Russell Westbrook’s pursuit of a triple-double average has given some NBA fans the impression that the Oklahoma City Thunder are a one-man team, but the reality is very different. OKC is obviously not the same squad without Kevin Durant, but a variety of role players have contributed to put the team near the front of the Western Conference’s second pack of playoff contenders. While the efforts of these players do not grab as much attention as those of Westbrook and other stars, they matter plenty.
It has nearly been 15 years since Costas “Gus” Christofi, a limousine driver working to shepherd former NBA All-Star Jayson Williams and his litany of friends around for a wild night out, was accidentally shot to death in Williams’ New Jersey estate. After a series of deadlocked juries and retrials Williams later pled guilty to aggravated assault in the rifle death in 2010, and the former Nets center was found guilty on four counts of attempting to cover up his role in Christofi’s death. Williams, free since 2012 and working with an alcohol problem prior to Christofi’s death, is clearly still working through the aftermath after all but abandoning the post-NBA career that seemed so expertly laid out for him.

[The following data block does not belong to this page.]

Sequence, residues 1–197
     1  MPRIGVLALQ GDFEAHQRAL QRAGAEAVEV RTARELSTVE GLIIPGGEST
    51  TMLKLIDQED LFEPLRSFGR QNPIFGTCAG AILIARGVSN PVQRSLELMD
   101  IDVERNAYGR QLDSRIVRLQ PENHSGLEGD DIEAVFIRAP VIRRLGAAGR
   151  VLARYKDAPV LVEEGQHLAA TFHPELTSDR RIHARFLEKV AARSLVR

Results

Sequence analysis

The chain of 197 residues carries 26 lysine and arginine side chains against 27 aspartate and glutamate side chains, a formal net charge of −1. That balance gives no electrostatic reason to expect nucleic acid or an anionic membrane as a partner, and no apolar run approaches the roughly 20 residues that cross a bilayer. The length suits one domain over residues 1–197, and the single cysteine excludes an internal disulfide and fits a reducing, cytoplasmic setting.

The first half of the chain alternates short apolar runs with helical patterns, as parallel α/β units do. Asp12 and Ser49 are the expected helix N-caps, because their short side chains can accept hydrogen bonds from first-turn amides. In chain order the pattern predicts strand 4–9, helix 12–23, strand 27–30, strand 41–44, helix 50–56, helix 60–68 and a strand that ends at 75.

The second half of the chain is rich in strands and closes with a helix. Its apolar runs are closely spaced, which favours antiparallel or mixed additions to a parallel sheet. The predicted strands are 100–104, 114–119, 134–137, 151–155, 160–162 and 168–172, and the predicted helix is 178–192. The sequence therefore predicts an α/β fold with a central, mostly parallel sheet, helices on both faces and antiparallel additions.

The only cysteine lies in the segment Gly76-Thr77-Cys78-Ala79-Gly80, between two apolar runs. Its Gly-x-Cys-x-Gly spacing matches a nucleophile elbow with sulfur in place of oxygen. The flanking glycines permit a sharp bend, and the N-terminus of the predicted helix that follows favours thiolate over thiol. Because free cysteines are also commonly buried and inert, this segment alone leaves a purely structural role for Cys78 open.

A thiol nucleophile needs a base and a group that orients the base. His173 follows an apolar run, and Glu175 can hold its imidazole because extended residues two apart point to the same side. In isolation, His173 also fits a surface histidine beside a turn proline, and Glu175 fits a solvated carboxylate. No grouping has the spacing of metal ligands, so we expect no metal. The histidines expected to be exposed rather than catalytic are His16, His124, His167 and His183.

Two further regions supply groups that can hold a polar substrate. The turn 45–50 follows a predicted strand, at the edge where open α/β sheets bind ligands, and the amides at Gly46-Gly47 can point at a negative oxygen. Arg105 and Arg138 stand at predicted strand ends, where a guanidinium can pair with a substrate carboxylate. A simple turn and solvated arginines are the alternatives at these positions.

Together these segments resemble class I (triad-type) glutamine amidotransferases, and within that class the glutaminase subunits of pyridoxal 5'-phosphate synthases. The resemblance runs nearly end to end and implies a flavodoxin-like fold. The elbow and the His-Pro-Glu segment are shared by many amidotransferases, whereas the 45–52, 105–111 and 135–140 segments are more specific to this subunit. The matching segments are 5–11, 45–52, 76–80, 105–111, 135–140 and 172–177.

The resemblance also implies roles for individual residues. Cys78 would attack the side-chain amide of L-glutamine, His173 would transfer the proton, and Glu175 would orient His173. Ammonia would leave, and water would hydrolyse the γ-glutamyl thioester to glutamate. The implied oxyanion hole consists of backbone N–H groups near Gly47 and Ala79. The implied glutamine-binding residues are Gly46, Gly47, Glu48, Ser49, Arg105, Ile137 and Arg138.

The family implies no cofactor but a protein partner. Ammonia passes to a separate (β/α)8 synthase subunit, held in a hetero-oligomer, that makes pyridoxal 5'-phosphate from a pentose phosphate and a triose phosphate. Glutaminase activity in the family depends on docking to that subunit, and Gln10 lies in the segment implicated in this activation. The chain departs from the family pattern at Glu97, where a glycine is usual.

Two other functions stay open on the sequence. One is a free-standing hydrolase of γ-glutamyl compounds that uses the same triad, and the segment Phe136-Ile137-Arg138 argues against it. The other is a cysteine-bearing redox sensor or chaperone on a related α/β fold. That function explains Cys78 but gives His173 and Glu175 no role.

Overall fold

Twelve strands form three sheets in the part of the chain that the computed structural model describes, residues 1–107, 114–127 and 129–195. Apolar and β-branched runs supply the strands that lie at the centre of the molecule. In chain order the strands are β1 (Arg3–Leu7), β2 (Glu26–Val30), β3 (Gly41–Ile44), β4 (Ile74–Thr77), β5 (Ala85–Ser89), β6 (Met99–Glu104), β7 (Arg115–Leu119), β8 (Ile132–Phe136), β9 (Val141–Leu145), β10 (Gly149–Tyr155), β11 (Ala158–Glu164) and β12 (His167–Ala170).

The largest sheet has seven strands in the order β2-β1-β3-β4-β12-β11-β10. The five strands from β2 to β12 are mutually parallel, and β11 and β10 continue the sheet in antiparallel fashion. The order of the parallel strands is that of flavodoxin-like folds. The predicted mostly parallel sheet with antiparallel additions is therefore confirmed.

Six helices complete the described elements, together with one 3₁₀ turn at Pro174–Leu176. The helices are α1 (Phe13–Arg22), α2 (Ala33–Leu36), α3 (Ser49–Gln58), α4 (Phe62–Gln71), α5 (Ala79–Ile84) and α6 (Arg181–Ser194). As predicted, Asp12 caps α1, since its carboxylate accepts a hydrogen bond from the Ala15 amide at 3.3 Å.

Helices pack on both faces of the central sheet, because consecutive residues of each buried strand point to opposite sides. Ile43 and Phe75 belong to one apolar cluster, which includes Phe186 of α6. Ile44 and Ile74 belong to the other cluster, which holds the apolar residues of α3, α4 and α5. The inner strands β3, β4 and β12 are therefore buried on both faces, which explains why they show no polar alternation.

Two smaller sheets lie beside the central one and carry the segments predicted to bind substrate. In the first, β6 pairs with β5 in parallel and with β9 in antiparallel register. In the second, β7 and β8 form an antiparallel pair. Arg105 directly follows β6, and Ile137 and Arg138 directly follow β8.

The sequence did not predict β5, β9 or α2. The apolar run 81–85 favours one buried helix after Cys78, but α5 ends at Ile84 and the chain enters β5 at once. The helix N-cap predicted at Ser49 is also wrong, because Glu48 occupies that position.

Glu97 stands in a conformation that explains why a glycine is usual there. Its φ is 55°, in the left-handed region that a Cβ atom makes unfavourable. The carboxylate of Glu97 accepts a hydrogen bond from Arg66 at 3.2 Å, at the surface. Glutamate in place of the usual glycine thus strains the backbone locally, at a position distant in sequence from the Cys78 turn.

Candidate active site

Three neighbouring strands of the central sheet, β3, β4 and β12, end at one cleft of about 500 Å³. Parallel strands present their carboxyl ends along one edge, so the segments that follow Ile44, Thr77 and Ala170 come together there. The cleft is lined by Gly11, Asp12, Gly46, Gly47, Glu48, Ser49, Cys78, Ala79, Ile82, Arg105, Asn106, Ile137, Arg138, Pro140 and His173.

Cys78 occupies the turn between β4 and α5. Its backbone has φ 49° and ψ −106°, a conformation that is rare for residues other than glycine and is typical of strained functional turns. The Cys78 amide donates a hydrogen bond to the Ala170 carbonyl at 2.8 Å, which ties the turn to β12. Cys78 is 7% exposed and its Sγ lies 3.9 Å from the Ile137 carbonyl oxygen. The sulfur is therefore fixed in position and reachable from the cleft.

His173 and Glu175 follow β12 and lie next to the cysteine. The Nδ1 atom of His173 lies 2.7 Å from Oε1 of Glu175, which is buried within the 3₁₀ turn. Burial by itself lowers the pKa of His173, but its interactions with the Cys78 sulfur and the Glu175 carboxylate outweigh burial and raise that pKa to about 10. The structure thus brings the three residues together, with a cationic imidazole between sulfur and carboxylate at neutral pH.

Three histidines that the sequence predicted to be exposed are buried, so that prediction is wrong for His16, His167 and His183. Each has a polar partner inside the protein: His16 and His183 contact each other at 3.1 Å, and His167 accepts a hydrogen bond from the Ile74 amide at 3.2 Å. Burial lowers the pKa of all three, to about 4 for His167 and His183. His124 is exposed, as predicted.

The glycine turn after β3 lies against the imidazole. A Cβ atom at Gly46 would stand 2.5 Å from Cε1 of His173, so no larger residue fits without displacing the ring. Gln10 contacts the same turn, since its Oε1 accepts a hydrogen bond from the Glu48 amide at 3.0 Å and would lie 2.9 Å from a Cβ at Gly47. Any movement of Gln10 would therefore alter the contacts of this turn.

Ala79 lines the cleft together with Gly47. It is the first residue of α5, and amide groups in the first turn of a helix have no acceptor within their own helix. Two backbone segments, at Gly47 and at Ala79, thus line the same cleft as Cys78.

When one thinks of an NBA journeyman, what comes to mind is a veteran player that has found his way around the league, playing for several teams throughout his career. Joe Smith is the perfect example. Smith played in the NBA for 16 seasons, and yet never played more than three consecutive years for the same team. That led to Smith moving around between 11 different organizations in his 16-year career (which doesn't even include his second time around with the Timberwolves or the 76ers). The biggest move Brook Lopez has dealt with since entering the NBA has been the Nets' transition from New Jersey to Brooklyn. Although Lopez has stayed with the same team his entire career, the rollercoaster